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The Business Case for Fair Labor

By Charlotte Lee | May 23, 2018

As is the case with many of the issues plaguing the supply chain industry, human rights and labor violations have proven difficult to combat as their underlying causes continue to evade companies looking to root out illegal practices. Given the highly diffuse, globalized nature of modern supply chains, the use of forced labor, child labor, and harsh or underpaid working conditions pervade global supply networks despite efforts to bolster fair labor practices.

Huawei and the US Market: The Next Frontier, or an Impossible Dream?

By Harriete Lugue | May 21, 2018

Huawei's plan to burst into the U.S. smartphone market isn’t going quite as planned. Despite a promising product portfolio, the Chinese smartphone giant is still struggling to crack the US market. It boils down to tightening US restrictions against Chinese tech and telecommunications companies. What’s the rationale behind these blockades, and what is Huawei doing to circumvent them?

How to Fix the Supply Chain Talent Shortage

By Elementum News Desk | May 17, 2018

This is a follow-up piece to our previous post, 4 reasons for the supply chain talent shortage

4 Reasons for the Supply Chain Talent Shortage

By Elementum News Desk | May 15, 2018

As the true determiner of whether a business sinks or floats, supply chain needs a workforce composed of smart, talented people. But why is it so hard to attract the best of the best to a career in supply chain?

Medicine's Inventory Nightmare

By Angelo Rivera | May 10, 2018

In a recent survey, 40 percent of surgeons admitted to having cancelled a case due to a lack of available supplies. What inefficiencies need to be addressed in the healthcare supply chain to make sure this kind of thing doesn’t happen?

Supply Chain Best Practices: The Flexible Supply Chain

By Janie Ryan | May 8, 2018

In a world where market trends are fast-evolving and unpredictable, companies must be able to respond to disruptions and changing customer whims on a dime. This requires the ability to flexibly reallocate inventory based on demand, and quickly locate component alternatives when supplier issues arise. But as their operations grow more fragmented across the globe, businesses are stuck with rigid inventory management and ordering systems that aren’t designed to react to rapid demand shifts.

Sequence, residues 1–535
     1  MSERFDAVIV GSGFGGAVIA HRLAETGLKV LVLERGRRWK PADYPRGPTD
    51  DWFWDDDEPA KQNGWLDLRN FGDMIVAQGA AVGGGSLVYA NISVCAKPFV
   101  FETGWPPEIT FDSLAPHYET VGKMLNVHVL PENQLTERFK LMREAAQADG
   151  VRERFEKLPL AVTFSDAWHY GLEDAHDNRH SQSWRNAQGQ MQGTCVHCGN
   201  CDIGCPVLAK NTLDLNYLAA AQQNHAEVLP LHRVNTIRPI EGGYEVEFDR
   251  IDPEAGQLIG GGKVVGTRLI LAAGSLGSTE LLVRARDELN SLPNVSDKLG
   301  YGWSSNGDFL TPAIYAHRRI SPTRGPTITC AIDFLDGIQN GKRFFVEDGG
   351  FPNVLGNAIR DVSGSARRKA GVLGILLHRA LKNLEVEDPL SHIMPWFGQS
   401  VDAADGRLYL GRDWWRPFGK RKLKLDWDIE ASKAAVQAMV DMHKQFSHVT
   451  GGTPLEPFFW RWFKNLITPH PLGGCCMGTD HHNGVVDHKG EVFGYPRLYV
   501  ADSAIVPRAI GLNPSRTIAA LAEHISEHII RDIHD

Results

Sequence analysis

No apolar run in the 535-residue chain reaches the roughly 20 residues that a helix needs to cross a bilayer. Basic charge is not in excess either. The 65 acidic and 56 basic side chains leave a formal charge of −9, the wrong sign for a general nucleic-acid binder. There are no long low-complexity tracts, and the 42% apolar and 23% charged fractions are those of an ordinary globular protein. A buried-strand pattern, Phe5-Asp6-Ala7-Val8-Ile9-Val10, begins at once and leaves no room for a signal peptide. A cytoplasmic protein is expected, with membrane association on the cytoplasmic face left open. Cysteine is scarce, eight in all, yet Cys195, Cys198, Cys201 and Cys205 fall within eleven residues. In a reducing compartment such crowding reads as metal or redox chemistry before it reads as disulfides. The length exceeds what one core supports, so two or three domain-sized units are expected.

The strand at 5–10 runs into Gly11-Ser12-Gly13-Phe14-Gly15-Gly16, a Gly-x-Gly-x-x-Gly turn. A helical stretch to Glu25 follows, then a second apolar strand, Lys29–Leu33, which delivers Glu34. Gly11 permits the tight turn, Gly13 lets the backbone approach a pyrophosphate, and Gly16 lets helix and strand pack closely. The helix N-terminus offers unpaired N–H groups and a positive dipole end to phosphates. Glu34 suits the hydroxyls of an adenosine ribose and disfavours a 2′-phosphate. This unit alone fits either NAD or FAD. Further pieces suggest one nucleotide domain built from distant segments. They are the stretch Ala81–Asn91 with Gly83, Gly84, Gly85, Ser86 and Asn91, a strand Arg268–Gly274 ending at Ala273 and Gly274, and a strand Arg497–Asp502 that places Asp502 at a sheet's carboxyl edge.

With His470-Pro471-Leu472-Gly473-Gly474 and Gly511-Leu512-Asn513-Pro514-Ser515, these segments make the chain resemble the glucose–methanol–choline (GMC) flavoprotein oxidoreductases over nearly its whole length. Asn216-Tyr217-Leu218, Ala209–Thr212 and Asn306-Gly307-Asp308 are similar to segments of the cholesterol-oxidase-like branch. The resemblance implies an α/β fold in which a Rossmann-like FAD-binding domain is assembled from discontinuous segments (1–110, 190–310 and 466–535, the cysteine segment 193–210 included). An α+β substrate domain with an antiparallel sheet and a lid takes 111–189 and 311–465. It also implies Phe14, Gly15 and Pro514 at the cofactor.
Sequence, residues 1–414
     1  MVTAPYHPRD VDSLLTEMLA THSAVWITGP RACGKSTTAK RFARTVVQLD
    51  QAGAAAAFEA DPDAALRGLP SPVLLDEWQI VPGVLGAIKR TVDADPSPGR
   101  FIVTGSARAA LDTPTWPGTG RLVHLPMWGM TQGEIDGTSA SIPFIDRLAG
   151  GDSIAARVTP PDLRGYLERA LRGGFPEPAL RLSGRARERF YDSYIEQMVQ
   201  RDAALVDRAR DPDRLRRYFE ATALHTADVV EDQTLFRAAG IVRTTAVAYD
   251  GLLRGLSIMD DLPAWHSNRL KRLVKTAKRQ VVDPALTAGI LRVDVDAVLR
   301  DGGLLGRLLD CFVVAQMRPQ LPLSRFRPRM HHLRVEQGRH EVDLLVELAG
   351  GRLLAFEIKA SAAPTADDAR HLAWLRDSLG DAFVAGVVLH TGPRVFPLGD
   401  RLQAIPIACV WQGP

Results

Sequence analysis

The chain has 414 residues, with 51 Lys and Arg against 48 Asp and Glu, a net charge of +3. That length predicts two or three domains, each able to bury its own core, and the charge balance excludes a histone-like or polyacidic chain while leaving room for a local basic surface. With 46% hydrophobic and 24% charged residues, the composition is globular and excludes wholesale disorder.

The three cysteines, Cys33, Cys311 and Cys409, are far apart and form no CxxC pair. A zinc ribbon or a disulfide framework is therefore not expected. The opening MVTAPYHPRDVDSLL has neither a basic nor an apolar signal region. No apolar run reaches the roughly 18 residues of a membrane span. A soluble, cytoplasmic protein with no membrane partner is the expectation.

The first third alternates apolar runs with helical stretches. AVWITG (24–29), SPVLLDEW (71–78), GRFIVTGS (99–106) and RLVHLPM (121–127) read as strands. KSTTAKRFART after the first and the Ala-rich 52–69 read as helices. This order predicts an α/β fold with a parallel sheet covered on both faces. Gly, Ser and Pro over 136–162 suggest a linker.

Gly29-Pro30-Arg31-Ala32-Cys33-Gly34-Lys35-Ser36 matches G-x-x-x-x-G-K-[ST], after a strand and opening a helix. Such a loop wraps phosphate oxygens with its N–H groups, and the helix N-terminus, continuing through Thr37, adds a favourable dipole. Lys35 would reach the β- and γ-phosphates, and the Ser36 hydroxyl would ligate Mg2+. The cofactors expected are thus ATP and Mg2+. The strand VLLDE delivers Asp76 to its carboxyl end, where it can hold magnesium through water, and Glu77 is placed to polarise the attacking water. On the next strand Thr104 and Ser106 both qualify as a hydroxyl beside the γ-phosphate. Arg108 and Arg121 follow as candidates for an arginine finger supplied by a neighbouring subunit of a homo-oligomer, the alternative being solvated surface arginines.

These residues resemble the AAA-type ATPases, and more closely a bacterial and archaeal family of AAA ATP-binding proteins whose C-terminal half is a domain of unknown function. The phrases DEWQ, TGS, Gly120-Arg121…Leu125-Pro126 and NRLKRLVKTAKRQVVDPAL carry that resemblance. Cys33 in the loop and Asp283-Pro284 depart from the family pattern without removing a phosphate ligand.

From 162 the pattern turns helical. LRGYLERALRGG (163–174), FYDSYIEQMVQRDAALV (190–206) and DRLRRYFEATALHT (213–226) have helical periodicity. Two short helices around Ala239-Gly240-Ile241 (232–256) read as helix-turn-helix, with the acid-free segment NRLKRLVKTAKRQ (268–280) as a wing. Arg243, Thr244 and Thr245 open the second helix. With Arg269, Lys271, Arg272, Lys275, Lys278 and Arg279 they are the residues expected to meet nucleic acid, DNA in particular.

Toys R Bust: The Downfall of America's Favorite Toy Store

By Charlotte Lee | May 3, 2018

Did supply chain problems have anything to do with Toys "R" Us going out of business? The company's jingle famously declared "I don't wanna grow up"—but it is exactly this reluctance (or at least inability) to mature amidst a rapidly-evolving retail landscape that led to the company's ultimate downfall.

Supply Chain Best Practices: Preparing for the Worst

By Mary Grace Figuracion | May 1, 2018

Supply chain disruptions are inevitable, whether resulting from natural disasters, technical failures, worker strikes, or other unforeseen incidents. And as supply chains have become increasingly diffuse over time, the likelihood that disruption in one region will have consequences that reverberate across the globe, is higher than ever before.

In a 2017 survey by the Business Continuity Institute (BCI), 65 percent of respondents had experienced at least one supply chain disruption in the last year, with 44 percent of the disruptions occurring at Tier 1. Such incidents have a significant impact on an organization's operational and financial performance; according to the World Economic Forum, for a Fortune 500 company the average estimated loss in market cap from supply chain disruptions is $3.2 billion.

The Localized Supply Chain

By Janie Ryan | April 26, 2018

Around the world, multinational companies are winning customers by creating products and campaigns that appeal to local populations. From creating an experience that feels more authentic, to developing products that have a region-specific appeal, what role does localization play in supply chains?

Supply Chain Best Practices: Traceability

By Charlotte Lee | April 24, 2018

Sustainability and traceability go hand-in-hand. When the lifecycle of a good can be tracked from source to point-of-sale, businesses and their customers have both the tools and the incentive to act responsibly. We’re taking a look at what it means to have a traceable supply chain, and what businesses can do to move the needle on their own traceability initiatives.